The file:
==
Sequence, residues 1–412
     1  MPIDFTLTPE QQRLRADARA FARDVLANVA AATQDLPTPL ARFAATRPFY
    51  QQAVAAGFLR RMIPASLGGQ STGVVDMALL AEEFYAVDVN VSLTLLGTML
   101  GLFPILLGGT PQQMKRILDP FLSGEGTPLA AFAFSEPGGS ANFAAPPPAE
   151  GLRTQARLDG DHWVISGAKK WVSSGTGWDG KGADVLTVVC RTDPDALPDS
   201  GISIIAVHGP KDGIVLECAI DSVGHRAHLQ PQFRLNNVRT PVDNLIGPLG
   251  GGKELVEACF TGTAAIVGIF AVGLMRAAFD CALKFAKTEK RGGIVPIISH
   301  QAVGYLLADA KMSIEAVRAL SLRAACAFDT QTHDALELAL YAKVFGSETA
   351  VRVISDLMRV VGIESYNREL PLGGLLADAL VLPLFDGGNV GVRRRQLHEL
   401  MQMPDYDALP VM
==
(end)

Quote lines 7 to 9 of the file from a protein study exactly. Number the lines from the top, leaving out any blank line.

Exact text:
   251  GGKELVEACF TGTAAIVGIF AVGLMRAAFD CALKFAKTEK RGGIVPIISH
   301  QAVGYLLADA KMSIEAVRAL SLRAACAFDT QTHDALELAL YAKVFGSETA
   351  VRVISDLMRV VGIESYNREL PLGGLLADAL VLPLFDGGNV GVRRRQLHEL